TOKYO (December 11) – Some of the world’s premier wrestling coaches gathered in Tokyo last week to take part in United World Wrestling’s revamped Advanced Clinic for coaches.
The Japanese Wrestling Federation hosted the three-day clinic at the Ajinomoto National Training Center, inviting more than 30 coaches from 12 countries to take part in classroom discussions and on-the-mat instruction.
The aim of the clinic was to help coaches implement more high-scoring techniques through improved training techniques and performance analysis. Recent studies conducted by United World Wrestling had shown that the wrestlers with the most diverse arsenal of techniques were more successful than those with a limited number of techniques.
On-the-mat instruction was led by some of the world's top coaches including Terry STEINER (USA), Batbayar BUYANEDELGAR (MGL) and Ivan IVANOV (BUL) who focused on the fundamental techniques of freestyle, women’s wrestling and Greco-Roman.
“We have a huge obligation to get involved in the education process and help spread knowledge of the sport,” said Steiner. “This isn’t just a lecturing course, we are there to give guidance and help teach others how to better communicate with athletes.”
Ivanov, who led the Greco-Roman portion of the clinic, showed a variety of functional strength training techniques that could be directly incorporated into a wrestler’s daily routine. By working on techniques and strength training together, Ivanov showed coaches they could increase the efficacy of their wrestler’s training.
Ivanov’s efforts were complimented by the performance analysis presented by David Lopez (MEX) and Harold TUNNEMAN (GER) who utilized Dartfish video review to help showcase a variety of scoring techniques from popular wrestlers. The team also provided data to the coaches, which included a comprehensive breakdown of more than 400 matches, including those from each of the 108 wrestlers who placed in the top six at the 2015 World Championships in Las Vegas.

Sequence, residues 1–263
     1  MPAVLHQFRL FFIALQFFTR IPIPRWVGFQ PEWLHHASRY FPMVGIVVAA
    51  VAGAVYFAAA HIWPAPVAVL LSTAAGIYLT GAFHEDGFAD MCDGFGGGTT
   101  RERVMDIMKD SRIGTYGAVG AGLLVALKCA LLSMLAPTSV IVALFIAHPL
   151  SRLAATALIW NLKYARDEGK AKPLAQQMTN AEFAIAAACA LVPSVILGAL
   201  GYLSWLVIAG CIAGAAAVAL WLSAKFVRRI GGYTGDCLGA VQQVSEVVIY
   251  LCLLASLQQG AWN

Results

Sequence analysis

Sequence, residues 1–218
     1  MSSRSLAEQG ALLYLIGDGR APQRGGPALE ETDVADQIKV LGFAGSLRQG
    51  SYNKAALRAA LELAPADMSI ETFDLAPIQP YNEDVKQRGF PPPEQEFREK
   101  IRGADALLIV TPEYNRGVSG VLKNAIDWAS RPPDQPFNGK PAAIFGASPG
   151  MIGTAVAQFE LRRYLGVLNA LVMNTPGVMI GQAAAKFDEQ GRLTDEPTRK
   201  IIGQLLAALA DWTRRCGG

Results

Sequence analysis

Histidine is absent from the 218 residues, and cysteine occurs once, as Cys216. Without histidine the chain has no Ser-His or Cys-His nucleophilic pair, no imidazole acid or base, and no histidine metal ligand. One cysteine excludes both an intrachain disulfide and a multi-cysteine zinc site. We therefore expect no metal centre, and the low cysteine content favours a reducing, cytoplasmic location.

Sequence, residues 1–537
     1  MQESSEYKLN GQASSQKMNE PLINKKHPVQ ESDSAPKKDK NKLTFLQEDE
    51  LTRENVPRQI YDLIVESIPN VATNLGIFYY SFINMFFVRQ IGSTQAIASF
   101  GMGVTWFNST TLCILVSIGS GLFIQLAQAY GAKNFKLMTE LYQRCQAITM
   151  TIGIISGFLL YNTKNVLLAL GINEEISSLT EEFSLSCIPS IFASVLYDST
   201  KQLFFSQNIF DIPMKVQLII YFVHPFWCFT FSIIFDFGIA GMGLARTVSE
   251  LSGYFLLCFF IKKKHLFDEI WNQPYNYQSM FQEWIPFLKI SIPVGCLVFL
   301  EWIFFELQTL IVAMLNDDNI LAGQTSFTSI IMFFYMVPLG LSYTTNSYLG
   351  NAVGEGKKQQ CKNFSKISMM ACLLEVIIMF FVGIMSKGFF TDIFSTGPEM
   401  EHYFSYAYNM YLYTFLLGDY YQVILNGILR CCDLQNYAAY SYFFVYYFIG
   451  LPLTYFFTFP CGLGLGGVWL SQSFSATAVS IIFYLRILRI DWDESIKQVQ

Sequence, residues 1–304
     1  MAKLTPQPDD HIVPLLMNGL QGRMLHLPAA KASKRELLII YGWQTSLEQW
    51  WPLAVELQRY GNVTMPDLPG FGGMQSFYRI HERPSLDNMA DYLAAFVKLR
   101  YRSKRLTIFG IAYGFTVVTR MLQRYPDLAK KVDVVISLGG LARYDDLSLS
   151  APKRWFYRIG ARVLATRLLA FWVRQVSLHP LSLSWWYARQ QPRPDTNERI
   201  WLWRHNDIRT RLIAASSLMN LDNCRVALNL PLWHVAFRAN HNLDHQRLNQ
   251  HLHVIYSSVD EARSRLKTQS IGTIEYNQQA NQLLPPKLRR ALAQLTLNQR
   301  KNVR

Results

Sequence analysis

The Referee Commission also sent representative Ibrahim CICIOGLU (TUR) who answered questions and concerns of the coaches from the perspective of the referees and delivered a video session with a clarification of rules. Cicioglu also went to the mats to provide practical sessions of the video.
The course also included the participation of three-time Olympic champion Kaori ICHO (JPN) who showed the attendees several of her various techniques and strategies.
“I hope that clinics like this will help the women’s sport catch up to the men’s sport,” said Icho, who will be looking for her fourth Olympic gold in Rio de Janerio. “I’m very interested in becoming a coach after my career. It’s interesting for me to think about each individual and what I could say to help motivate them on the mats!”
Icho also discussed her envy over seeing 16 local high school girls participating in the clinic.
“I’m jealous of the girls attending the clinic, because they see coaches from all over the world. It’s a wonderful opportunity and very generous of these coaches.”
The board of the Japan Wrestling Federation, including President Tomiaki FUKUDA and United World Wrestling Bureau Member Hideki TOMIYAMA were also present for much of the course. The JWF was instrumental in assuring a quality facility, including meals, were provided to all those in attendance.
Japanese Minister for Education, Culture, Sports, Science and Technology Hiroshi HASE was also on hand for part of the festivities. A former Olympic wrestler who competed at the 1984 Olympics in Los Angeles, Minister Hase spoke about the importance of integrity and anti-doping education to protect the sport of wrestling.
The next coaching course will be a Level One Coaching Clinic in Tblisi, Georgia and will feature instructors from the UK and Portugal and bring together coaches from Georgia, Azerbaijan and Armenia.